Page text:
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Old 06-15-2013, 04:06 AM
 
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Originally Posted by Queen Palm View Post
it's not that segregated...and certainly not racially tense as some cities.... very diverse. You can go to practically any area of metro Houston and find people from different "walks of life" living in the same neighborhoods.... shopping, dining, just practically co-habiting (i don't mean living under the same roof, just living within the same communities).
But how much contact do people come into? Doesn't the suburban sprawl discourage random encounters with random people?
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Old 06-15-2013, 04:08 AM
 
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Originally Posted by jonjj View Post
A few years ago, I was on a city bus in San Francisco going up to the Haight from downtown. Daytime-around 12 or so, nice day and there ya go: the fight started between a group of black chicks and Latina chicks and soon thereafter, the fellas decided to get involved. The bus driver stopped the bus and called the police but not before a lot of punching, pushing, and an infinite amount of racial slurs were shared by all. Not to mellow in my book. Sorry.
You sure it wasn't gang related? If you were passing through the Lower Haight, that's more or less the hood.
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Old 06-15-2013, 04:15 AM
 
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Originally Posted by mjtinmemphis View Post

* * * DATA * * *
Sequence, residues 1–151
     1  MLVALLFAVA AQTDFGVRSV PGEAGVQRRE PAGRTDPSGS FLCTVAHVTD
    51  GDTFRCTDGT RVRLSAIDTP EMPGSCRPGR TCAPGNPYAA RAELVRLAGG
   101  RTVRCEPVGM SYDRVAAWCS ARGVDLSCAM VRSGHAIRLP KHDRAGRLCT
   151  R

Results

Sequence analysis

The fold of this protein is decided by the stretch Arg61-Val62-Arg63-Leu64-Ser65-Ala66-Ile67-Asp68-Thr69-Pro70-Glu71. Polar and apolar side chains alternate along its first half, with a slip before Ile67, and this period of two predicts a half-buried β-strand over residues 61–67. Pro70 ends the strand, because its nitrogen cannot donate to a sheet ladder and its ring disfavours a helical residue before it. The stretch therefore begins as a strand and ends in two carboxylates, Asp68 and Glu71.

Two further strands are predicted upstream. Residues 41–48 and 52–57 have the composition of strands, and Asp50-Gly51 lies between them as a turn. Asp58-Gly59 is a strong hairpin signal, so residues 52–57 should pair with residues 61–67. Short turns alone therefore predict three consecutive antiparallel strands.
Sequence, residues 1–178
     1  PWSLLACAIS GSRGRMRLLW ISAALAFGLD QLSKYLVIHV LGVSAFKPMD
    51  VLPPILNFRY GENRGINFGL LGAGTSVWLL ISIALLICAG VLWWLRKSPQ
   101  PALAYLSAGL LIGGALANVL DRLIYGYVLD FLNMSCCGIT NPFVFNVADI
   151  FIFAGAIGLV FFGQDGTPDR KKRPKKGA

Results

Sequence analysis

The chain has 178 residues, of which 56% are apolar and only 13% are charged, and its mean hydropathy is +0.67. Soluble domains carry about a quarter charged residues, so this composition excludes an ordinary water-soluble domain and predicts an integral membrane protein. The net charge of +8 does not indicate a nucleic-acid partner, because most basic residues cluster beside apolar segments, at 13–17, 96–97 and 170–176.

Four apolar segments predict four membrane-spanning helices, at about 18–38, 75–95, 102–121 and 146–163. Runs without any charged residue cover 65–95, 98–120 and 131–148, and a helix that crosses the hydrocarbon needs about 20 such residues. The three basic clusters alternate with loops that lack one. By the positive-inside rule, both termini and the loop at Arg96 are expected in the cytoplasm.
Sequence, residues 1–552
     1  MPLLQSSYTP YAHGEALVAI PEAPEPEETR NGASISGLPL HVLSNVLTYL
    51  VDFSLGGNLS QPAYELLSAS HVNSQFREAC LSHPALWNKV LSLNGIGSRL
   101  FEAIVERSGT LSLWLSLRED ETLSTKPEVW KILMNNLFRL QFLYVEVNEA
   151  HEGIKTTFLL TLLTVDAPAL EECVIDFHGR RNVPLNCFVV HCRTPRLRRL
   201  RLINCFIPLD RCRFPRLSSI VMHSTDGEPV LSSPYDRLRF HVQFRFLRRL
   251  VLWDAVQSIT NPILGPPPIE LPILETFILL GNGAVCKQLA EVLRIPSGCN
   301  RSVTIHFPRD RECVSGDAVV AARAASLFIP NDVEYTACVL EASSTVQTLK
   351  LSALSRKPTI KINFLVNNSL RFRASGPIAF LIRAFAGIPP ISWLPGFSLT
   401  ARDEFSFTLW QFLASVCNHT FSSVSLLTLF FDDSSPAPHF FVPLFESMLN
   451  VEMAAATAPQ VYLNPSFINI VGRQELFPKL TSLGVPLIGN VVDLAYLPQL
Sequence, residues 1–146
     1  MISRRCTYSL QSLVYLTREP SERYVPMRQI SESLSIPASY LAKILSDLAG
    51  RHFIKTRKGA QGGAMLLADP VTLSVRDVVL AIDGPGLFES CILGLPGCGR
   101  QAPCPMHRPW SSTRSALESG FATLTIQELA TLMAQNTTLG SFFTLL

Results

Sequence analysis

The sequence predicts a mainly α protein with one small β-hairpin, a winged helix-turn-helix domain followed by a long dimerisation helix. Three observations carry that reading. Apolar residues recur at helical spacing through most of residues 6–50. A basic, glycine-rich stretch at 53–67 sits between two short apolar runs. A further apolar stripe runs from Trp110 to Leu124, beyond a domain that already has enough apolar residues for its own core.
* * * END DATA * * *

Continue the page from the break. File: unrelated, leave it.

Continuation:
I nearly fall out laughing when I hear New Yorkers bash other cities (especially southern cities) for racial tensions when I know better. (I'm NYC biggest fan and have never lived there). Some think "we are too sophisticated and cultured to be racist". I don't think NYC is as bad as Chicago, St. Louis and Detroit. I think this thread is about having a mild racial climate. No city is above being racist. None!
Howard Beach, much of Staten Island, etc. etc. I'm told there are areas, especially in the outer boroughs, that are no-go for black folks. Just because the guys chasing you with tire irons have names like "Vinny Cucinelli" as opposed to "Travis Ray McGruder" doesn't make it any better.
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Old 06-15-2013, 09:55 AM
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Location: Long Island / NYC
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Quote:
Originally Posted by MetalLord View Post
Howard Beach, much of Staten Island, etc. etc. I'm told there are areas, especially in the outer boroughs, that are no-go for black folks. Just because the guys chasing you with tire irons have names like "Vinny Cucinelli" as opposed to "Travis Ray McGruder" doesn't make it any better.
Yeh, I asked a (white —*half Jewish, half Italian) friend from Staten Island whether he thought a black person would be comfortable in Staten Island, and he said "he never thought about it, but wasn't sure". It's gotten better in the last few decades IMO, and there are probably many other parts of the city/metro where a middle-class black person would have no issues.

The tensions are less for Asians and Hispanics, it's a bit odd that neighborhoods known for being anti-black and avoided by blacks got large influxes of immigrants (asians or hispanics) without much racial tension.

Although one thing that makes the black population of New York City, different from many other northern cities, is it's not mostly from the south. Something like about 47% of the black population is either foreign born or has at least one immigrant parent, mostly from the West Indies. It's probably increasing — a greater portion of the black population leaving is "native".